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JBaymore

Member Since 06 Apr 2010
Offline Last Active Today, 09:43 PM
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#78199 As a potter/ceramic artist, which IRS business code do you use for taxes?

Posted by JBaymore on 29 March 2015 - 09:57 PM

I subscribe to the Japanese approach.  I do not separate "craft" from "art".  It is all art.

 

best,

 

.....................john




#78180 2015 Potters Council Election Results

Posted by JBaymore on 29 March 2015 - 05:28 PM

Back from NCECA.  Exhausted, as always.

 

Now that the in-person Potters Council Advisory Board meeting held in conjunction with the annual NCECA conference is over, the new Board is seated, and the information was then released to the membership in attendance at the annual Member's Reception..............

 

The Potters Council is very pleased to announce that Vicky Hansen is the new Chair Elect.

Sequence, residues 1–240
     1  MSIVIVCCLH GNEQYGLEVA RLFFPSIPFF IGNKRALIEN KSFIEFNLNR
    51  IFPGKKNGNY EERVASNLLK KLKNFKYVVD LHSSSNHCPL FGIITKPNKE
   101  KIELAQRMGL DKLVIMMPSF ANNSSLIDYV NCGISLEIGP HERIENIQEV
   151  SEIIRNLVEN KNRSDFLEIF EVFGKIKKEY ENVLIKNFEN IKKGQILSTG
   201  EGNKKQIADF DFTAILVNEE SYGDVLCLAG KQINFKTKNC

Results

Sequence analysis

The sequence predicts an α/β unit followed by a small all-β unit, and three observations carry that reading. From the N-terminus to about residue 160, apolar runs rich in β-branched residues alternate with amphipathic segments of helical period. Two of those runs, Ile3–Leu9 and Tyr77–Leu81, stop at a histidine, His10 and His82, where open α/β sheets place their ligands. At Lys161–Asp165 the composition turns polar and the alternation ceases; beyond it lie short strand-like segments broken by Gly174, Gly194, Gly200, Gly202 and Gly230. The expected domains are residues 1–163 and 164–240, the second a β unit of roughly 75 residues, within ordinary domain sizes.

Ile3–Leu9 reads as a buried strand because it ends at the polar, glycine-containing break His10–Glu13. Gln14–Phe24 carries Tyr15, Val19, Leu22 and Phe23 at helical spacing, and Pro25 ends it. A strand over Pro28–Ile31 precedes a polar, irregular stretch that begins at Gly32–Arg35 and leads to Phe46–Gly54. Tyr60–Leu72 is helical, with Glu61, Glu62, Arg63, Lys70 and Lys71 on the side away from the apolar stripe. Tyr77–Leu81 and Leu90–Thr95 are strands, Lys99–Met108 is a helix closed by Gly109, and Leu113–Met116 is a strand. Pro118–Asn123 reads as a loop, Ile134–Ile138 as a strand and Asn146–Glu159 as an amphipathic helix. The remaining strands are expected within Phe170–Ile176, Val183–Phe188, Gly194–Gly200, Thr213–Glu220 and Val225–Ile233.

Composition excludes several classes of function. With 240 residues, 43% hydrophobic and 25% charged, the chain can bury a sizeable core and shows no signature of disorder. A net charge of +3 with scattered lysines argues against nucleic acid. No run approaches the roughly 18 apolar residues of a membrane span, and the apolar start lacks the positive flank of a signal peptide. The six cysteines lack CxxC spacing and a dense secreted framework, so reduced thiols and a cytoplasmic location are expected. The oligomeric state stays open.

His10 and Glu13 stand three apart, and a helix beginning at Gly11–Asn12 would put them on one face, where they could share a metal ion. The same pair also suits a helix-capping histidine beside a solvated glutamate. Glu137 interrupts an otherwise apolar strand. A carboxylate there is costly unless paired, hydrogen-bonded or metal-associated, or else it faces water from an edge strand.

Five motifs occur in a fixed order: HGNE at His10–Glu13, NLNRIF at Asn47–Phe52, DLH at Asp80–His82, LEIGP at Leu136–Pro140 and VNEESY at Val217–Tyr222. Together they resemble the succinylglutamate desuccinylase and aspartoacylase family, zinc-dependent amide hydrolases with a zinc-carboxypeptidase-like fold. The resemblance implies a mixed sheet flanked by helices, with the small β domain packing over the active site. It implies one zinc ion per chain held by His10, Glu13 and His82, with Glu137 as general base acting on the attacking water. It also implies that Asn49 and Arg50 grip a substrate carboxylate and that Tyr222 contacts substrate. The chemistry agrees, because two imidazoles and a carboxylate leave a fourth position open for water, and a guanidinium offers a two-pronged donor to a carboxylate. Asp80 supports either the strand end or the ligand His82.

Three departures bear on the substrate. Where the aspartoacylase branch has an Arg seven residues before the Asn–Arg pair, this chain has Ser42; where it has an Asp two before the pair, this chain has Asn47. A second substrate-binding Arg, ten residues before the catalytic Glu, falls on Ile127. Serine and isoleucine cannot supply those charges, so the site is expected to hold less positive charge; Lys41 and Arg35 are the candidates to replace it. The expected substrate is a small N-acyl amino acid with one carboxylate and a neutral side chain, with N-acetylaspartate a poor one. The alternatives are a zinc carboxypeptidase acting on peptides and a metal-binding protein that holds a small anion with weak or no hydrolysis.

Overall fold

The two new Board members are  E. Preston Rice (who will continue as CAD Forum Moderator also) and Evelyne Schoenmann, our first international member of the Advisory Board.

 

Steven Branfman moves to one year as the Immediate Past Chair,  and Kevin Crowe is the new Chair for the next year.  Retiring from their terms on the Board are Diana Pancioli and Lyndsay Meiklam.

 

Thanks go to Diana and Lyndsay for their service to the membership.  Thanks also go to all of the other 2015 election candidates that offered their time and expertise to potentially give back to the membership of the Potters Council.

 

Posting this notice is my last official act (trailing my Board 'retirement' by a couple of days) as the outgoing Immediate Past Chair and the Chair of the 2015 Nominating Committee.  Serving for the past four years on the Board has been an honor.  Thanks.

 

best,

 

..............................john

 

Immediate Past Chair

Chair, 2015 nominating Committee




#77435 What Do You Get Out Of This Forum Interaction?

Posted by JBaymore on 15 March 2015 - 10:33 PM

Old Lady, 

I have had private conversations with you. Next time I am in your neighborhood, I am going to visit.

I think you contribute quite a bit to this forum and I thank you for it. I wish you had a different call name. Yours makes me feel disrespectful.

 

Marcia